Search This Blog

Friday, April 6, 2012

Rate hikes in electricity, water and sewer bills on tap in Wallingford

As published online at

By Mary Ellen Godin
Record-Journal staff
(203) 317-2255

WALLINGFORD — Property owners can expect rate hikes in their electricity, water and sewer bills this summer to help pay for operational costs, wages and system improvements.

“We cannot continue to provide the level of services without this increase,” Mayor William W. Dickinson Jr. said Monday when revealing the town’s 2012-2013 budget.

Electric Division customers will see a 0.6 percent rate increase, which translates into about $1.63 per month for a homeowner using 750 kilowatt hours. The division is also hiring an energy conservation specialist and maintenance electrician.

The Electric Division’s operation expenses increased 0.9 percent. Capital expenses increased 3.9 percent to spend $3.5 million toward a five-year capital improvement plan.

Water customers can expect to see a 3.5 percent rate increase, from $3.21 to $3.34 per 100 cubic feet, that is expected to raise revenues by 6 percent. For the average customer who uses about 5,500 gallons per month, that’s a change of 95 cents per month or $2.86 per quarter, said George Adair, director of public utilities.

According to Dickinson, the increases include some contractual wage increases. The bulk of the $1.6 million capital improvement budget includes $849,306 for transmission and distribution, and water main work on five streets.

Sewer rates will climb 10.3 percent and are expected to increase revenues by 14.2 percent. For an average user of about 5,500 gallons of water per month, that translates to $4.29 per month or $12.87 per quarter. Operating expenses increased 4.1 percent but employee pay raises are not included in this year’s budget.

Roughly half of the increase, or $6.44 per quarter, is the first installment of three to help pay for a $350,000 study that looks at sources of inflow and infiltration into the wastewater treatment plant. If the town reaches more than 90 percent of the 8 million gallon capacity, it is required to do a facility study and the implied purpose is to upgrade or increase the capacity.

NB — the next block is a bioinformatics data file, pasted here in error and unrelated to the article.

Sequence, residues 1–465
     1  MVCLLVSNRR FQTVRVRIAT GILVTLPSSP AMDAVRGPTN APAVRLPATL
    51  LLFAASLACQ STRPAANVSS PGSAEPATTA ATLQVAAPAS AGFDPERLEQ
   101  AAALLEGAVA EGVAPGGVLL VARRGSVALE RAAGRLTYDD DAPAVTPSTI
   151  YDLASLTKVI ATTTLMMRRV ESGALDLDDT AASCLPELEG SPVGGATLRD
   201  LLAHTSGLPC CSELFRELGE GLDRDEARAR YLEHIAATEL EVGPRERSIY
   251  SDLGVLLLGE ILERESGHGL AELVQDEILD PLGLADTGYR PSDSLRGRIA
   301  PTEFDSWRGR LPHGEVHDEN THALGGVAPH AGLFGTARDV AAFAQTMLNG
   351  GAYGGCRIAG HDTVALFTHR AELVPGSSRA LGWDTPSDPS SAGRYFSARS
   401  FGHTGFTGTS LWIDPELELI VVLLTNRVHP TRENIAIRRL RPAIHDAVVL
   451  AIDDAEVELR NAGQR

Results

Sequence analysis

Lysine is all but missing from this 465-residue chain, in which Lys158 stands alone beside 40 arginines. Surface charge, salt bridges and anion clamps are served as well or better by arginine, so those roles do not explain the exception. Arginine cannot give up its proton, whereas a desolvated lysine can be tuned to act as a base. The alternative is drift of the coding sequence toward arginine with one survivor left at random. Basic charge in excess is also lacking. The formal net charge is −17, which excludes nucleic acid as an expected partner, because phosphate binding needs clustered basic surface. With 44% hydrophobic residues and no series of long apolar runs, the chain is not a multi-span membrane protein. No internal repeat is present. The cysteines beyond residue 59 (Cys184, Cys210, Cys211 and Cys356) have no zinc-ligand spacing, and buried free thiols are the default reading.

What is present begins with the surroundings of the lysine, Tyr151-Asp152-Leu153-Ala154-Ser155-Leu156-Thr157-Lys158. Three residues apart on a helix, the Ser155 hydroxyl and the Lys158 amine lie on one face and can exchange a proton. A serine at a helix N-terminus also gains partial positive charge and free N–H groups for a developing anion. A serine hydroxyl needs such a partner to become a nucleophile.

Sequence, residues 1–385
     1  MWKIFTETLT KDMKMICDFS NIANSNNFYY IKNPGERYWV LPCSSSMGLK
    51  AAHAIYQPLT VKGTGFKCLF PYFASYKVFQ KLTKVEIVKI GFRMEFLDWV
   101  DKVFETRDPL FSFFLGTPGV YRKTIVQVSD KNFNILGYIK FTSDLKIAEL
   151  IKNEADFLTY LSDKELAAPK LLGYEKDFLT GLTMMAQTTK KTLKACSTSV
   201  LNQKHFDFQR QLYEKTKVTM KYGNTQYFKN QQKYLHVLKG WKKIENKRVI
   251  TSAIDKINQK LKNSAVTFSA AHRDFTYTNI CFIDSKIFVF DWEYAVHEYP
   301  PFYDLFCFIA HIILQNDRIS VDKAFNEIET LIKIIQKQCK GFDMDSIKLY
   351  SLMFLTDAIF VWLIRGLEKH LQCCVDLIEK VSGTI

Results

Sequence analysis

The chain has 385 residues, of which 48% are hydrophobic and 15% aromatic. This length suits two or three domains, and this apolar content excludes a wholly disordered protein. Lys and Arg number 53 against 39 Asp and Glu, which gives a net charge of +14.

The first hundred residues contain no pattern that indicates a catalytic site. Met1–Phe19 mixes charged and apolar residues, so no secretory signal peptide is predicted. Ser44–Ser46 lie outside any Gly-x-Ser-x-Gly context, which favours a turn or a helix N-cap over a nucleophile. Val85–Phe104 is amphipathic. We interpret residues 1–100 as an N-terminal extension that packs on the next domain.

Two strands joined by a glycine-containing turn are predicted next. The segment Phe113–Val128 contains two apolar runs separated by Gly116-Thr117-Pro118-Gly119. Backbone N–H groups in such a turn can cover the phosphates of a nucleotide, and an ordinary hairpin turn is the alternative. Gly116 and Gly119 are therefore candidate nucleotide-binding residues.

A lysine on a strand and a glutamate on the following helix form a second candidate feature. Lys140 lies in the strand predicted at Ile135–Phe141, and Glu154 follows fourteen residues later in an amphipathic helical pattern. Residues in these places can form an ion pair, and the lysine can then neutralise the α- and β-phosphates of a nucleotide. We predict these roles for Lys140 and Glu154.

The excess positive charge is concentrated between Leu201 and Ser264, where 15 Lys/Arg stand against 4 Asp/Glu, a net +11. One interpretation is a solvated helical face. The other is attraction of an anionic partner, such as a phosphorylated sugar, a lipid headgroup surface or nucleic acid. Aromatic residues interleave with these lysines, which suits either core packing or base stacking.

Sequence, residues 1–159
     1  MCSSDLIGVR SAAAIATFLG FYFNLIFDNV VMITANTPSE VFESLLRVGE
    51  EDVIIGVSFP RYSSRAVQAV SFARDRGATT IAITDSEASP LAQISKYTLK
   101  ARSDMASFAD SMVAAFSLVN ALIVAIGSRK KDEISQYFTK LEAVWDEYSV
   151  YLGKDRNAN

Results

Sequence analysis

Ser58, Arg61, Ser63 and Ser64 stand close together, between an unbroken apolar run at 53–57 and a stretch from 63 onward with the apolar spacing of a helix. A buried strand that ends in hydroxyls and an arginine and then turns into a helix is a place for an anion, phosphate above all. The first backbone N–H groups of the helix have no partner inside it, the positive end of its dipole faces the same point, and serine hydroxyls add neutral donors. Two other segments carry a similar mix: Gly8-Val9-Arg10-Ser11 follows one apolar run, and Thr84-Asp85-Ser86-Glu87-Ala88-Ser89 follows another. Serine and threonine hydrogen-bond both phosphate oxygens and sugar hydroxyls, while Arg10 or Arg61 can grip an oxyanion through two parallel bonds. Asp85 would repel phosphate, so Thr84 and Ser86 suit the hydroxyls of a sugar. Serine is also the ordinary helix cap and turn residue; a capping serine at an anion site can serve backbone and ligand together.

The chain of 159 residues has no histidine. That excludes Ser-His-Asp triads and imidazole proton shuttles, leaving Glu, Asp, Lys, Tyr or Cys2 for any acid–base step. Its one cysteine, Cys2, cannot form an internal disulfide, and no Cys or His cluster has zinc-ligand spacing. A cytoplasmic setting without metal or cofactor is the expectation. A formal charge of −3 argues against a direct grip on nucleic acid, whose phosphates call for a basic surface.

“Obviously that’s not good economy,” Adair said. “This is a series of rate changes approved last summer. This is the third in a series of four.”

A preliminary study done three years ago revealed problems with private hookups from a home tap, roof, foundation drain and/or sump pump.

“That’s the sort of unwanted extra flow,” Adair said. “The problem is coming from the private side. We want to address this, we’ve made some investment, sampled some typical basins to characterize the problem. We have a good knowledge of where they are. It’s a proactive approach. But we’re not unique at all.”

Electric users will see the increase in their July bills. Water and sewer increases will show up in June.

Town utilities are user-supported, not taxpayer subsidized, and any rate increase hurts residents during an anemic economy that has seen lost jobs, stagnant wages and rising costs, according to town councilors. But most of them agree they’re justified.

“We can say we don’t like them but if the increase is due to expenditures, there isn’t a lot we can do,” said Town Councilor Jason Zandri, a Democrat. “I did notice they made upgrades to the plants.”

Town Councilor Nicholas Economopoulos, also a Democrat, said rate increases hurt those in the community still facing uncertain times and those living on fixed incomes.

“This is a bad time to have one, with mill rate increases, utility increases,” Economopoulos said. “There are people who are really concerned about this.”

Town Councilor Craig Fishbein said that while the increases are unpleasant, they are necessary.

“We have stuff coming down the pike and they’re looking to boost reserves,” Fishbein said.